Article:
Goldstein died at his home in Woodbridge on Saturday after a heart attack, the university said. He was 80.
Born in Manhattan, Goldstein attended high school in Williamsburg, Brooklyn, and graduated from City College with a degree in economics. He received his LL.B from Yale Law School in 1949.
He joined the Yale faculty in 1956 after building a reputation as a trial lawyer in Washington. He was named the law school's 11th dean in 1970, but returned to full-time teaching five years later.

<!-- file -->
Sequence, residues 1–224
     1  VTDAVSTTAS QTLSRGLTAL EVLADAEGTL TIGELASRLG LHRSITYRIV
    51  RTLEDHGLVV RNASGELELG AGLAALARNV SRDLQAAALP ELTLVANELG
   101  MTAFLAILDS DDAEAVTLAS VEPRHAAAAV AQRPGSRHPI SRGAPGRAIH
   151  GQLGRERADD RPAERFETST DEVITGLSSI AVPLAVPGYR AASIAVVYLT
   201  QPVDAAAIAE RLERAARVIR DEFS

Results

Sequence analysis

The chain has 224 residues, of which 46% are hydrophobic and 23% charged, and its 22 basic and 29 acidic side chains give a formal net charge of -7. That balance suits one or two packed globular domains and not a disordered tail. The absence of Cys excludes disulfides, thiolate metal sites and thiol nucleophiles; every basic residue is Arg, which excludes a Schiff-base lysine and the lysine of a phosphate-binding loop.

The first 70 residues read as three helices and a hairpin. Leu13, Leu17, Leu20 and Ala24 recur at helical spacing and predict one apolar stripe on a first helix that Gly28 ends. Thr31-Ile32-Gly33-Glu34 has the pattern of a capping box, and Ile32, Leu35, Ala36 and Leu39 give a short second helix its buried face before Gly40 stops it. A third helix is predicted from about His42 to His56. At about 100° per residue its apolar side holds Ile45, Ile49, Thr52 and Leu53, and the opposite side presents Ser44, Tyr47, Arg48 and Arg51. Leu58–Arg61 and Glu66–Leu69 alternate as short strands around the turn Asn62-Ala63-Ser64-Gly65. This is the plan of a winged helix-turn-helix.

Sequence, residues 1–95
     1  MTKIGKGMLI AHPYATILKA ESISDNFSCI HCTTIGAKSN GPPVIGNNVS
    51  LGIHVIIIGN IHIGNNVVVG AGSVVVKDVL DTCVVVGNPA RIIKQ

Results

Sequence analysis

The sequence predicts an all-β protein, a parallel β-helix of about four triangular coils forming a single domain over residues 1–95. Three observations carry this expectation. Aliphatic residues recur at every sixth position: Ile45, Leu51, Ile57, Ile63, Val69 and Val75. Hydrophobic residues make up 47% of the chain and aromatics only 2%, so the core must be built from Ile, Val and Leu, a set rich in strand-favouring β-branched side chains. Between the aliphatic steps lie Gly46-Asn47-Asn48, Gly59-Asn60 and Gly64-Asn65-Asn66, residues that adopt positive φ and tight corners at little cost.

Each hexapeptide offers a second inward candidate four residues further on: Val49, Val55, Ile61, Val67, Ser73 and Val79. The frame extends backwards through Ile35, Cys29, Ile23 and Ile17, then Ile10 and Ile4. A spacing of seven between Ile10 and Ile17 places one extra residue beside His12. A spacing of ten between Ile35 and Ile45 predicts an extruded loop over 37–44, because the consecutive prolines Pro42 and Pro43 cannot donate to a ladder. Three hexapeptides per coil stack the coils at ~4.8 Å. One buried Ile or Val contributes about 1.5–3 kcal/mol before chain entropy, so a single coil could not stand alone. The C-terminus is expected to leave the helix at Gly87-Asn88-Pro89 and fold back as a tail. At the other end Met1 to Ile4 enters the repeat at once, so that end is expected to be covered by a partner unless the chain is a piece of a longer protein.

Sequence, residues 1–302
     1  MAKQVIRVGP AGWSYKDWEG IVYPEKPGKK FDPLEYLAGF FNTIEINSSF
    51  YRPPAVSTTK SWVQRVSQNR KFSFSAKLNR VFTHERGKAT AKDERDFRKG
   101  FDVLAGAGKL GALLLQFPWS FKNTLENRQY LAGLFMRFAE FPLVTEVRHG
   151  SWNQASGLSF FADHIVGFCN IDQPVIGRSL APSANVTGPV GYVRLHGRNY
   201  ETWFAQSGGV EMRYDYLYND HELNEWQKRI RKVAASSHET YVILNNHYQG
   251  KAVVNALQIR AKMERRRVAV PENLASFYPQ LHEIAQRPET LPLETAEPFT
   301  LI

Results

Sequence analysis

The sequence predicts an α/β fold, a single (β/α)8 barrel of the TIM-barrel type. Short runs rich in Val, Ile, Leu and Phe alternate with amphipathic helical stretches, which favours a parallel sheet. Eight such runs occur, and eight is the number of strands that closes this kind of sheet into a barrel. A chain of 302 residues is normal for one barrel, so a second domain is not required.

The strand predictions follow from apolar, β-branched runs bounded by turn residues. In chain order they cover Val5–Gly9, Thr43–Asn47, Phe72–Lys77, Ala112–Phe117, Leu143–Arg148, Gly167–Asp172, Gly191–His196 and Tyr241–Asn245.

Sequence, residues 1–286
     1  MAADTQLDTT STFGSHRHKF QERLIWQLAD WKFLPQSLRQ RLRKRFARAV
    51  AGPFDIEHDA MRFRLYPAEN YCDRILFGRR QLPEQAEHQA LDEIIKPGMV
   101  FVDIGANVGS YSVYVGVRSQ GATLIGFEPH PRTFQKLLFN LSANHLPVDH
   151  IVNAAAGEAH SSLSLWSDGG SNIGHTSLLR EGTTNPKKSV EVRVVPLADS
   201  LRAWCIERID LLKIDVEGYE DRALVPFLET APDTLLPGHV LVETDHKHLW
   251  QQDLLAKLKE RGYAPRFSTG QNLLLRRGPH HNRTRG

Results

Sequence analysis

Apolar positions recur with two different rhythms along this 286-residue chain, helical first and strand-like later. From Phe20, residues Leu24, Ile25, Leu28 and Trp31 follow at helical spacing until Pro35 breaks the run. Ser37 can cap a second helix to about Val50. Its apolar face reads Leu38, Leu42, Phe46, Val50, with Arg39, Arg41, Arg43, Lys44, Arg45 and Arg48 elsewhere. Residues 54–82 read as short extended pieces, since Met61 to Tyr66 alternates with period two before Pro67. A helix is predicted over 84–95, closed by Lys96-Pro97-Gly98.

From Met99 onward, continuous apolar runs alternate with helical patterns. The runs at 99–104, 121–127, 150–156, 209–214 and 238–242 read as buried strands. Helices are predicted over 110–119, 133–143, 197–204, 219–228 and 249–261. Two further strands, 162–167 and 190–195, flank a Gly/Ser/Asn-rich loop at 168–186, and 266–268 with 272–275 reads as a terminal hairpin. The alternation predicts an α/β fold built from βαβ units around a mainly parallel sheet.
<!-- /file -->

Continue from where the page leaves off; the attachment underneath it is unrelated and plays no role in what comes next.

In World War II, he worked in military intelligence after serving as a demolition man in the Army and a military policeman. After college, Goldstein clerked for Judge David L. Bazelon of the U.S. Court of Appeals in Washington.
Goldstein joined the Washington firm of Donohue & Kaufmann and worked his way up to partner while litigating civil and criminal cases.
He wrote three books including "The Insanity Defense," "The Passive Judiciary: Prosecutorial Discretion and the Guilty Plea" and, with Leonard Orland, "Criminal Procedure."
He is survived by his second wife, Sarah Poleyeff Goldstein, his two children, a brother, three stepdaughters and six grandchildren. His first wife, Ruth Tessler Goldstein, died in 1989 after 41 years of marriage.